Waka Kotahi is being accused of being too risk-averse after closing the Auckland Harbour Bridge on five occasions on Saturday.
The transport agency lowered its threshold for closing all lanes of the bridge after it was damaged by a truck crash in 2020, and Devonport-Takapuna local board member George Wood believes it is now over-reacting.
Concerned about the “mayhem” caused by repeated closures, he wants Waka Kotahi to review its procedures for closing the bridge or look at alternative solutions.
“It seems ever since that truck hit the bridge they’ve got the jitters and they’re so risk averse that I think their reasoning and the way they do it needs to be looked at,” he told the Herald.
One of his suggestions was more precise, to-the-minute forecasting - but meteorologists said this had previously proven complex and costly.
Wood, a former councillor, said the successive closures on Saturday, when wind gusts reached 91km/h, were frustrating.
“It seems that it shuts and then a short time later it opens again. So have they got better systems they could put in place to actually monitor the gusts?”
Waka Kotahi maintainence and operations manager for Auckland and Northland Jacqui Hori-Hoult said the agency’s priority was public safety and the bridge structure, and it did not take the decision to close the bridge lightly.
All lanes were closed when wind gusts exceeded 90km/h. The direction of the wind was also taken into account, and there were different limits for headwinds or crosswinds.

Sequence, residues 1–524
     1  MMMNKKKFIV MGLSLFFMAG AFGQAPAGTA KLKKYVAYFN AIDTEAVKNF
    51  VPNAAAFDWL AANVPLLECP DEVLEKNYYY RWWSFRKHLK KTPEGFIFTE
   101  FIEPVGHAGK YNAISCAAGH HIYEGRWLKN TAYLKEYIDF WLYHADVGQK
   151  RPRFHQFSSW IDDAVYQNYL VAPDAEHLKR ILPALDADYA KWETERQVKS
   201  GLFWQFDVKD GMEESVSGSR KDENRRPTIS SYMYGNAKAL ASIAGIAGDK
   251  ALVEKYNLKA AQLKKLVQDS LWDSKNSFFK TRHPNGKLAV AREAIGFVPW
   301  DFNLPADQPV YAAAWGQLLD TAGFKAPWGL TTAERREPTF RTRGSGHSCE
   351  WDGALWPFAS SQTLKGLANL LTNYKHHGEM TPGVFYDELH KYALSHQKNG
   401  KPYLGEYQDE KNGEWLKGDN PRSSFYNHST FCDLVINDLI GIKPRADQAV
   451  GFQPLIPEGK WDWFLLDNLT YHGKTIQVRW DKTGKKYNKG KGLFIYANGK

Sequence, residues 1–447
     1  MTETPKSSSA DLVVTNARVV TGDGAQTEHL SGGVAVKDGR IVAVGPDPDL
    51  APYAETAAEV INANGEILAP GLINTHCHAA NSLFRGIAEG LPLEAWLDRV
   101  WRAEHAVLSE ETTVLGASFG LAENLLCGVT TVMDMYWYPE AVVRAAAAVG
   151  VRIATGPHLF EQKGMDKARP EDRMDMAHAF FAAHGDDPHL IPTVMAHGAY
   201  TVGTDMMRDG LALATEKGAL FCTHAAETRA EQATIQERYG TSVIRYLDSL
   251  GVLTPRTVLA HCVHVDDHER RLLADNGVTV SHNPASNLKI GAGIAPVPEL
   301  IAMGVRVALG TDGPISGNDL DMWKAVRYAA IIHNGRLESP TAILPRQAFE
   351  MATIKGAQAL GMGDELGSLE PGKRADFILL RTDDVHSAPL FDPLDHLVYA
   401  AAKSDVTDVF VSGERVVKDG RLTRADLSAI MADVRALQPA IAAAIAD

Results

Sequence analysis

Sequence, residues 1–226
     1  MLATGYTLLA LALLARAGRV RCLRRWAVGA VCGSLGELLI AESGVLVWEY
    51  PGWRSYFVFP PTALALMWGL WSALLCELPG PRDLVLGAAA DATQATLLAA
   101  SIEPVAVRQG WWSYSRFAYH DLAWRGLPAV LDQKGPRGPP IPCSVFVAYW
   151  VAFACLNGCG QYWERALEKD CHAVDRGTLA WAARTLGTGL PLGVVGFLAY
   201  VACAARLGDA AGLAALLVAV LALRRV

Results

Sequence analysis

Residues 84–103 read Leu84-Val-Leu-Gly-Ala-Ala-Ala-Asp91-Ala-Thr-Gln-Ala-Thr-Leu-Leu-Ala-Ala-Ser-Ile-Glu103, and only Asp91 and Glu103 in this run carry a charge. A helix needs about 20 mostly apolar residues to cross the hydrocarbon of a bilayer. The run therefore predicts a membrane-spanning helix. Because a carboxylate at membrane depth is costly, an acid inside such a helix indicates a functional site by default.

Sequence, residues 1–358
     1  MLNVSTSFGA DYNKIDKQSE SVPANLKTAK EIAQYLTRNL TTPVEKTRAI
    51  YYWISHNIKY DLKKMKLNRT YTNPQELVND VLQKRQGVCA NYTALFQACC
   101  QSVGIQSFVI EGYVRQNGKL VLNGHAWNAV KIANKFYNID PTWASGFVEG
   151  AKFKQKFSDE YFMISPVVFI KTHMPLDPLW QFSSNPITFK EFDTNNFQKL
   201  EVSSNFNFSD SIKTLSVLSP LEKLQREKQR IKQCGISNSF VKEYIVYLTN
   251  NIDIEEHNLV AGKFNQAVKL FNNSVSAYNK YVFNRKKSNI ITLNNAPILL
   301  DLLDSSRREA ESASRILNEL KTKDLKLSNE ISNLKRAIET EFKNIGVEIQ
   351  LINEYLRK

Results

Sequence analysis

Waka Kotahi noted the role of climate change and its effects on the transport network.
“While the overall annual rainfall total has not increased by much, the intensity has, resulting in much higher numbers of short, sharp intense rainfall and high wind gusts affecting the Auckland Harbour Bridge,” Hort-Hoult said.
Wood said he accepted that changing climate patterns played a role in more frequent closures of the bridge in the past few years but felt that there needed to be a pragmatic solution than constant closures.
The truck crash in September 2020 was caused by a 127km/h gust of wind. It led to the closure of some of the bridge lanes for more than two weeks while repairs took place.
Before the incident, all lanes of the bridge were closed if the perpendicular wind speed was averaging 100-110km/h and the oblique wind speed was exceeding 120km/h. Those thresholds were lowered to 90km/h and 105km/h respectively in October 2020.
While Wood was seeking more sensitive modelling of high winds, previous experience has shown this can be difficult.
National Institute of Water and Atmospheric Research (Niwa) scientists were coincidentally testing a highly localised wind forecast for Emirates Team New Zealand in the Hauraki Gulf at the time of the truck crash.
They found that while they could accurately predict the time and direction of the wind around the bridge, they underestimated the most extreme wind gusts.
The bridge’s structure caused the wind to speed up at road level, with gusts and mean speeds 10 to 15 per cent higher on the road surface compared to the forecast peak gusts.
Meteorologist Dr Richard Turner, who worked on the modelling, said he sympathised with the transport officials who were responsible for making decisions about closing the bridge.
“It is tricky. They have to think about safety first and foremost and I couldn’t imagine they would do it lightly.”
Niwa’s modelling showed it was possible to do highly specific forecasting of a structure but also that it would be “hideously expensive” to run because of the computer power required, Dr Turner said.
Another suggestion has been building wind breaks onto the harbour bridge - though that has not been seriously considered by Waka Kotahi and is believed to raise a number of engineering problems.
Niwa noted overseas scientists have been investigating what models of vehicle are most likely to overturn in particular weather conditions, and this research could help inform procedures for the bridge in future.
WHEN IS THE BRIDGE CLOSED?
Before October 2020:
Wind speed (perpendicular): 100-110km/h average
Wind speed (oblique): 120km+
After October 2020:
Wind speed (perpendicular): 90km/h
Wind speed (oblique): 105km/h